For the French side table, I started with a coat of Bittersweet Chocolate by Americana. I want this to be an old table, perhaps once stained and lovely then re-purposed with a coat of paint (or three).  The Folk Art Vintage White paint I had was very thick for being rather old, so I added some water.  With the dark undercoat, it took several layers to even out.  That added to the refinished look unexpectedly, so a nice happy accident.  I rubbed the paint with a piece of brown paper bag to remove the high spots.  Then I used a light grit sanding stick to bring out some of the dark details from underneath. 

I added metallic detailing with Taupe by Folk Art.  I used a rubber stamp and the same paint on the top (technique detailed here).  I rubbed the piece again with a piece of brown paper bag until I had a nice sheen. The legs warped a little, but that adds to the antique feeling...at least that's what I tell myself.  :D

I have no chimney, but I am using a fireplace with a false brick insert.  The fireplace was part of a miniatures lot I bought online.  I have two that are very similar, and one is for the Brownstone.  They are heavy, well made and have crisp detailing.  The material appears to be some sort of translucent resin.  There are no markings or manufacturer details.  The seller indicated that she purchased them in 1996 at The Dolls House Toys Ltd., Covent Garden, London.  The fire screen is by Ellen Moore.

The modern side table was inspired by the Oly Studio Ichibad Side Table and made with Tiny Turnings.  I needed some sort of cash transaction station for my shop, so I added a vintage desk from my stash and stool from Boutique Miniatures.  The desk is a cheap miniature, but it has always appealed to me.  It was also from a collection a friend gave to me after his mother passed, so it has that sentimental draw as well.  The laser cut Victorian wall clock is from D-Tales Miniatures, bought at the Bishop show.  The hourglass is fron Here Today Gone Tomorrow, and the pintail drake decoy is by Linda Master.  The Art Deco working clock on the right mantel top is from Halls Miniature Clocks.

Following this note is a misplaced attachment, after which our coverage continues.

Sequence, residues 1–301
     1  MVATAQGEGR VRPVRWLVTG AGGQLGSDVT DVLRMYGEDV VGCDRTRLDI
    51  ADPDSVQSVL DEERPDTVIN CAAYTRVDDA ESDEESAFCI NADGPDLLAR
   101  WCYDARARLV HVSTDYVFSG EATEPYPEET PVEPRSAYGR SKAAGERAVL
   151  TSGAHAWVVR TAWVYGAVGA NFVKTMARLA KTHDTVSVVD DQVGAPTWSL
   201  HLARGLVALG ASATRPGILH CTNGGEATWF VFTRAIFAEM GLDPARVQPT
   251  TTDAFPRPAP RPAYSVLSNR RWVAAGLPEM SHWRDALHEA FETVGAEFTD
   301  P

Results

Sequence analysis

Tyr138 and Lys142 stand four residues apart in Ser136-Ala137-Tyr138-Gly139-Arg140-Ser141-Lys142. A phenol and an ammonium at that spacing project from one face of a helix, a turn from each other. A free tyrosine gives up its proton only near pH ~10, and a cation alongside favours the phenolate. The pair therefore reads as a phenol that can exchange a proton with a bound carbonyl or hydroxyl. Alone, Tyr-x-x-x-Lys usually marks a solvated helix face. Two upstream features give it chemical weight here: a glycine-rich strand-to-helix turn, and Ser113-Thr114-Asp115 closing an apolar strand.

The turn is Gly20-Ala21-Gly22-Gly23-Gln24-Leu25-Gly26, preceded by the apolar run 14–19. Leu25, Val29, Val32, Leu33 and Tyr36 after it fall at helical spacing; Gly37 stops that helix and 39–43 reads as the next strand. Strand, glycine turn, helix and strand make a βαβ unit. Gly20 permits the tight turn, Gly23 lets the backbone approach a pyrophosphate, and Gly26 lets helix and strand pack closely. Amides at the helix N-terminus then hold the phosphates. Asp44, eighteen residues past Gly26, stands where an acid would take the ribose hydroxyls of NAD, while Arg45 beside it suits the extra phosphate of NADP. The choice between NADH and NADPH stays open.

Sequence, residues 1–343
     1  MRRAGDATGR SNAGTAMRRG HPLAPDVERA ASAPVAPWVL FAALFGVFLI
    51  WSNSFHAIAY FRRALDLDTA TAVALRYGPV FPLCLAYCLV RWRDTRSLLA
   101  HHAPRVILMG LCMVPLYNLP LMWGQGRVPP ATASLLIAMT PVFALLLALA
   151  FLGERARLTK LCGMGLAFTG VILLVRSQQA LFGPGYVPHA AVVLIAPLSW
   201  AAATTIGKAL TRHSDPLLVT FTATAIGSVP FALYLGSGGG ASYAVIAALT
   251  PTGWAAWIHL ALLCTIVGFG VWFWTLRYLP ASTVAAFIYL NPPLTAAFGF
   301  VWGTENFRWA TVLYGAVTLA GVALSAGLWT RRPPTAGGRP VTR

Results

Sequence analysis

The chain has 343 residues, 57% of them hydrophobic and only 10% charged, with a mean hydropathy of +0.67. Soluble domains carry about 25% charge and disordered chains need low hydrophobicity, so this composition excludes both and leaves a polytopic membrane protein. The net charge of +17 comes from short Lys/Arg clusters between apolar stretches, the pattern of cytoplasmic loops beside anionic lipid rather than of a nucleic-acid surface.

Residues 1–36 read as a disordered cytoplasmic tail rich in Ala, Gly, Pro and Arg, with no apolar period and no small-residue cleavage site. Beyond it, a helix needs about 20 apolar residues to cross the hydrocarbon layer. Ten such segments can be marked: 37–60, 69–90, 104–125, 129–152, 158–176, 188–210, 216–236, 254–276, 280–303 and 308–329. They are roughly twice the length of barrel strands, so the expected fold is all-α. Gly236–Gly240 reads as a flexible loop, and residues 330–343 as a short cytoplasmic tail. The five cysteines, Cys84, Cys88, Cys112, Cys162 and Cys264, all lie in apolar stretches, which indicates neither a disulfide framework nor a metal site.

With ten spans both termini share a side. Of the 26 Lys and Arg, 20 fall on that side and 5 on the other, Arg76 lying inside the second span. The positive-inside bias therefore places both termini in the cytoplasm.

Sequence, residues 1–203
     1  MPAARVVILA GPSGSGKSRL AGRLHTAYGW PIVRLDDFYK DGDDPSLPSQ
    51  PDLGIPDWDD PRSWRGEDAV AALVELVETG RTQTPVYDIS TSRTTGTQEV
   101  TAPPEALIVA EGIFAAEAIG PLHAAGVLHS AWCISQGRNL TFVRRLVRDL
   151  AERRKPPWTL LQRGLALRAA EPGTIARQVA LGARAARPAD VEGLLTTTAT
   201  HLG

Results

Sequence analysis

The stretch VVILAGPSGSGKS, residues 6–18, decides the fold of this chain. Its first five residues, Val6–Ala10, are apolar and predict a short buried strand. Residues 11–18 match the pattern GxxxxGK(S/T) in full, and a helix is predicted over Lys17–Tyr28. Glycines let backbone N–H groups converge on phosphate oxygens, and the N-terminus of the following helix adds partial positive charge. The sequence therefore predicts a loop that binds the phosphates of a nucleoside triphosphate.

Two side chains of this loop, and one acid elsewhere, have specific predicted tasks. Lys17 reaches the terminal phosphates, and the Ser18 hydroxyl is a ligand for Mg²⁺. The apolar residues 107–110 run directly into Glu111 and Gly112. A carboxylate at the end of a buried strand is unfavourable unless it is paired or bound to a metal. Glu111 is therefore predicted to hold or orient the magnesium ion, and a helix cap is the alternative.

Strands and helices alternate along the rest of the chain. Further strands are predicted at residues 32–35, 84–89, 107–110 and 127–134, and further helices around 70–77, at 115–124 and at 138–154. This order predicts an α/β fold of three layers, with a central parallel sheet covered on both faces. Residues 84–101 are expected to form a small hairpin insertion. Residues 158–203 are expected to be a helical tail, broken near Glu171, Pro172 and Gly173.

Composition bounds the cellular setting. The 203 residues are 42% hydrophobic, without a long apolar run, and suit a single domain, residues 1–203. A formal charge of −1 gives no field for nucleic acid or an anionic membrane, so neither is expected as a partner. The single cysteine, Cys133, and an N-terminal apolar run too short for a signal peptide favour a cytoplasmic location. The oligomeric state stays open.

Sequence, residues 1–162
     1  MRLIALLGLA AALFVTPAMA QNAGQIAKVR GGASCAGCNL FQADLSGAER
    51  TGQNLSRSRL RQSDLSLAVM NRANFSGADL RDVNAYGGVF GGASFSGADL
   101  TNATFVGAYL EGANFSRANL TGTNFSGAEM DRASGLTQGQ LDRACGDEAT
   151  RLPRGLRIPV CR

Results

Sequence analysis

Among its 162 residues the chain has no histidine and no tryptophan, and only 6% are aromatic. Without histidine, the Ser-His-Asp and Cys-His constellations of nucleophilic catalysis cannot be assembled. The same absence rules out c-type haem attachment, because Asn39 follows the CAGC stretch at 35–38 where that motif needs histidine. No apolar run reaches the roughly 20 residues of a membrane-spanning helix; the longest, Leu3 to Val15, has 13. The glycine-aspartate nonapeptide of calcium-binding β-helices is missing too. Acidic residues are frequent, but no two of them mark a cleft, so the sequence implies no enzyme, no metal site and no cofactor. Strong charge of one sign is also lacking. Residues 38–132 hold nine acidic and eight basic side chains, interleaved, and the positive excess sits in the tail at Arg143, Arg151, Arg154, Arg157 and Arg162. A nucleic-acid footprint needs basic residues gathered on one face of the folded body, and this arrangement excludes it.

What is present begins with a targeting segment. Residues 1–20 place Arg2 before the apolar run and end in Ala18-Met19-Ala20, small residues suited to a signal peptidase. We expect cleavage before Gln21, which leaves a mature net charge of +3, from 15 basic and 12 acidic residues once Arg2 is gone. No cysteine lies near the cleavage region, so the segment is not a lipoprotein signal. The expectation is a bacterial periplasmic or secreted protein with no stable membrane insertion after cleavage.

The black grandfather clock was made from a Chrysnbon kit.

For more details and pics of the clocks and accessories on this side of the room, click here.

The ivory grandfather clock is also Chrysnbon.

The blue Mora clock began with a Miss Lydia Pickett Cottage Clock (you can see the construction in parts onetwothreefourfive, and six).   This is a 1:12 scale kit by Robin Betterley's Miniatures.

Yeah, had to have a cuckoo clock in the cuckoo clock, right?  This awesome kit is from MiniaturasMyE.  It came with a wood cuckoo, but I wanted a little more realism.  I thought I had a half scale bird from Barbara Meyer, but I couldn't find it.  Instead, I used a full scale bird and shaved it down to fit.

The fancy plant stand is from Arjen Spinhoven.  I didn't want to lose the carved detailing, so I stained it Minwax Driftwood and finished with Delta Ceramcoat Matte Varnish.  The working clock on the top is from Halls Miniature Clocks, and the ceramic rabbit and brass seal figurine were likely from Manor House Miniatures.

The rustic table is from Barbara Begley Miniature Gardens.  At the last minute, I realized I needed a rug...so I swiped the Tree Ring rug for the space.  Now, I can leisurely make a replacement.  :D  I've made the Banjo wall clock from Cynthia Howe Miniatures before, but this time I went less traditional.

For more details and pics of the clocks and accessories on this side of the room, click here.

The gable clocks are made from kits, jewelry findings and watch parts.  Please click here for the detailed post.

The tiered table has a selection of small clocks that I picked up from shows, but you can find them online.  I made the bird statue from jewelry findings, and the spiral vase is from Patricia Paul.

 

The Landscaping